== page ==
Premier League / 25 July 2019, 3:30pm / SAMI MOKBEL FOOTBALL NEWS CORRESPONDENT
Mamadou Sakho is suing the World Anti-Doping Agency for £13million, accusing them of a drug-test error that effectively ended his Liverpool career.
The central defender, now at Crystal Palace, was banned in April 2016 following a positive test for a fat-burning substance after a Europa League match against Manchester United.
The provisional 30-day suspension meant the France international missed Liverpool’s Europa League final loss to Sevilla and, at London’s High Court yesterday, Sakho claimed the ruling cost him a place at Euro 2016 in his homeland.
The court heard Sakho tested positive for higenamine in March 2016.
However, he was eventually cleared by UEFA after they ruled the substance was not on the banned list.
As a result, Sakho is suing for £13m, claiming his earnings and the worth of his personal brand have been reduced due to his move away from Liverpool.
WADA deny responsibility for his transfer from Liverpool, which they say was caused by disciplinary issues and a personality clash with manager Jurgen Klopp.
Sakho’s barrister Stuart Ritchie told the court: ‘Although (Crystal Palace) is a distinguished Premier League club, it does not have the worldwide reputation or brand recognition of Liverpool with the value which this brings to a player, and his associated image rights. Only recently has he been re-selected to play for the French national team.’
The laboratory wrote to WADA, which maintains the list of substances prohibited in world sports, and was told the substance was on the banned index. But the list did not specifically name higenamine and UEFA found it was not proven that it was on the banned list, clearing and ‘vindicating’ Sakho in July 2016, according his QC. The 29-year-old argues the impact on his career was made worse when WADA stood by their claims in ‘defamatory’ emails to journalists in 2016 and 2017, said Mr Ritchie.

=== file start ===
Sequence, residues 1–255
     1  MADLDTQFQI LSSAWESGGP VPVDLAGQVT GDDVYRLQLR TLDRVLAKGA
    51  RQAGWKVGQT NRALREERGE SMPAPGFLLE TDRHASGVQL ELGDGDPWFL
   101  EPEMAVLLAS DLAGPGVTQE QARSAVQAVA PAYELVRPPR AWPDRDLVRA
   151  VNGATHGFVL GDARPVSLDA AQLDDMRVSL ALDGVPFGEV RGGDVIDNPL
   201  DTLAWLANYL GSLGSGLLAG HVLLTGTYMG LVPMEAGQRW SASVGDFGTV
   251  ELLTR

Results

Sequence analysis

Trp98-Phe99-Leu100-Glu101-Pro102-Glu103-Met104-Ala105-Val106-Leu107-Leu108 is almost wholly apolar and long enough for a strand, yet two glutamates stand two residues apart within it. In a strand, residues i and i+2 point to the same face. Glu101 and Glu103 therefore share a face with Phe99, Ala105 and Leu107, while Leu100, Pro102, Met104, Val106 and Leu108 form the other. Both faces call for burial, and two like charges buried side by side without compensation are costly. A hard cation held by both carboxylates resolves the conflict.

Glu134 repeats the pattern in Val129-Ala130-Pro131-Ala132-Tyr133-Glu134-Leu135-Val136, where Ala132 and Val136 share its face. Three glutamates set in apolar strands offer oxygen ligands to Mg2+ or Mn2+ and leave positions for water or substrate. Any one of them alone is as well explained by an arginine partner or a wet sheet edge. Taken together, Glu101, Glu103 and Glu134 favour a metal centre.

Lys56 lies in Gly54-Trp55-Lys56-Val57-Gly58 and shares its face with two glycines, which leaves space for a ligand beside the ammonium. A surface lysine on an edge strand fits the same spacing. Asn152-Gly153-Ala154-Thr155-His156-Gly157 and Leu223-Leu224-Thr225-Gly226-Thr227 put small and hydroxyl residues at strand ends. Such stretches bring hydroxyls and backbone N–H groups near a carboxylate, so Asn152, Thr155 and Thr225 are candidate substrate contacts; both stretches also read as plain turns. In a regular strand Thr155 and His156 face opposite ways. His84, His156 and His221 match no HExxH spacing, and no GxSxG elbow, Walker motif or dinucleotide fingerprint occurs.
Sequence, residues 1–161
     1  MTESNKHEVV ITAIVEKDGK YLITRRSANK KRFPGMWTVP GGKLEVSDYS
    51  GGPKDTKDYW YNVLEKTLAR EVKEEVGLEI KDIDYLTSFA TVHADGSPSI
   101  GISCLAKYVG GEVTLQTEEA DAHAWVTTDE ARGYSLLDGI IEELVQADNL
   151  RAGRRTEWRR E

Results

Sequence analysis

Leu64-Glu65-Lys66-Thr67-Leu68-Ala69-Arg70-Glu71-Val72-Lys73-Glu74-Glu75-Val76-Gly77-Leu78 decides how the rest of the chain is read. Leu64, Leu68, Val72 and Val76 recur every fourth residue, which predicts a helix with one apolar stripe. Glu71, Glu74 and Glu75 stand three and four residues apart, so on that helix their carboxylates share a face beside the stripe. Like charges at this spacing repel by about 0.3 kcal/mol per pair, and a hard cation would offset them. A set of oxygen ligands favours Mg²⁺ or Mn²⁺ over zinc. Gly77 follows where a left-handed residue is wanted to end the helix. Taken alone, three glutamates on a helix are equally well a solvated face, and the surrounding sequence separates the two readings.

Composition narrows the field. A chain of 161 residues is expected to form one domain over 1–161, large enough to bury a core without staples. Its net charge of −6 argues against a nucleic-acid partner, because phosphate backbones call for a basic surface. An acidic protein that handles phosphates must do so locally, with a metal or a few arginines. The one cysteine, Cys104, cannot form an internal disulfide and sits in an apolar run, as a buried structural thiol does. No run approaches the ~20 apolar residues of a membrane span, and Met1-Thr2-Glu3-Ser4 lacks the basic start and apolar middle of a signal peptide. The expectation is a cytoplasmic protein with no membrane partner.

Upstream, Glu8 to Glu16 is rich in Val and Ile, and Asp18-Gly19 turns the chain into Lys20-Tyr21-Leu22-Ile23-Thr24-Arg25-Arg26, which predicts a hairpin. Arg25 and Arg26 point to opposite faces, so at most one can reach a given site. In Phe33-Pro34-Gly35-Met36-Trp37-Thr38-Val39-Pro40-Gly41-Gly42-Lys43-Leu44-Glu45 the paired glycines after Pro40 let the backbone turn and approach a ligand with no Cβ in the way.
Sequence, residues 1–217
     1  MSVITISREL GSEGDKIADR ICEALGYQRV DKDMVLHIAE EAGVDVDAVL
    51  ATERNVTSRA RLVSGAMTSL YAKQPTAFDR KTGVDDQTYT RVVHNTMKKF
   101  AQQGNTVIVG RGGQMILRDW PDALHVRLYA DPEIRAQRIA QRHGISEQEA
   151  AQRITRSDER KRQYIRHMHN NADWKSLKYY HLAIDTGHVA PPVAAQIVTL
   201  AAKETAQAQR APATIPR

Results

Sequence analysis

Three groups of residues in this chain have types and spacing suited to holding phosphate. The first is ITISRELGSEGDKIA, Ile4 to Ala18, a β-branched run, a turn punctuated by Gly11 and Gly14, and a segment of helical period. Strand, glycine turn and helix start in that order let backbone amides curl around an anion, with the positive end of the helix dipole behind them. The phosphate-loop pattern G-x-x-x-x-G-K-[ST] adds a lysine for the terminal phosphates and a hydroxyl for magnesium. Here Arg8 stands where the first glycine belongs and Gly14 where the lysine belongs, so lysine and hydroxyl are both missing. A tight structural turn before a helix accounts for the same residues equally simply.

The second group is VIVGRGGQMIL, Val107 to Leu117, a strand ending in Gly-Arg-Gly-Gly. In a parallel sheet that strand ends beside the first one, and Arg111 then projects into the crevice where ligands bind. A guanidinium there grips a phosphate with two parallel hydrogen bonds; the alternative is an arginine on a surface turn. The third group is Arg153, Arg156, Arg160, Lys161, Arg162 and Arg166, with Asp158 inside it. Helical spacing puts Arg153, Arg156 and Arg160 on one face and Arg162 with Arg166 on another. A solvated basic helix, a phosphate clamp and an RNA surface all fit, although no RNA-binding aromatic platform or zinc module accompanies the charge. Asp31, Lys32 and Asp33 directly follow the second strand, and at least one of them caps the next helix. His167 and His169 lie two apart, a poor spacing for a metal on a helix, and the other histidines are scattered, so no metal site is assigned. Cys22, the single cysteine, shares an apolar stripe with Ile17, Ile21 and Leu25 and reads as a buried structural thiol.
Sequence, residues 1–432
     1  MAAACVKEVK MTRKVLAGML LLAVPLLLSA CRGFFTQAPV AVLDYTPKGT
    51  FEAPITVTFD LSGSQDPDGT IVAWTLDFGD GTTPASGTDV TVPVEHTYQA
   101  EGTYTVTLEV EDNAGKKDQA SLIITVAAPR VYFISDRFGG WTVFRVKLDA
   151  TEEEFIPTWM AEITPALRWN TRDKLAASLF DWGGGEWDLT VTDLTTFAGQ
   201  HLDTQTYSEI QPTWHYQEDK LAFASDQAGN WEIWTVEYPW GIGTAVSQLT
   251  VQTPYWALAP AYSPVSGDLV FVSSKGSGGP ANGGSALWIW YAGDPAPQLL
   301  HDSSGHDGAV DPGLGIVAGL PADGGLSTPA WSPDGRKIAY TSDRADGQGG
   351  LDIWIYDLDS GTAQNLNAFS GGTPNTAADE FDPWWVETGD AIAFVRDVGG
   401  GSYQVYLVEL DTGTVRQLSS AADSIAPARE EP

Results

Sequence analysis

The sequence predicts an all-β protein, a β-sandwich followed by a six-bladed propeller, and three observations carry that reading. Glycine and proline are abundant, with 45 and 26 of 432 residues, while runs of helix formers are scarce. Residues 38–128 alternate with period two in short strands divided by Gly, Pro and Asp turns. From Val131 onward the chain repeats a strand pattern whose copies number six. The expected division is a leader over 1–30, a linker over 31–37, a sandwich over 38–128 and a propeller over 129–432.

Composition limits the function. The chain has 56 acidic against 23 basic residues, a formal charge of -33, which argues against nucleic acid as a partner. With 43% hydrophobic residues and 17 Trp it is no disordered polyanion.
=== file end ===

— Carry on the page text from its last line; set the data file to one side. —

‘In the statements, WADA alleged Mr Sakho was guilty of taking a prohibited, performance-enhancing substance, and that it was not appealing against the decision only because it was uncertain that he would receive a significantly higher sanction than the suspension of one month he had already served,’ he said.
WADA deny any wrongdoing, claiming higenamine was ‘one of the generic substances banned’. They also deny negligence or that they owed Sakho any duty of care, and question the impact the suspension had on his career.
Sakho was sent home from Liverpool’s pre-season tour in 2016 for breaking team rules and went to Palace on loan in January 2017. The deal was made permanent when the London club paid £24m for him eight months later.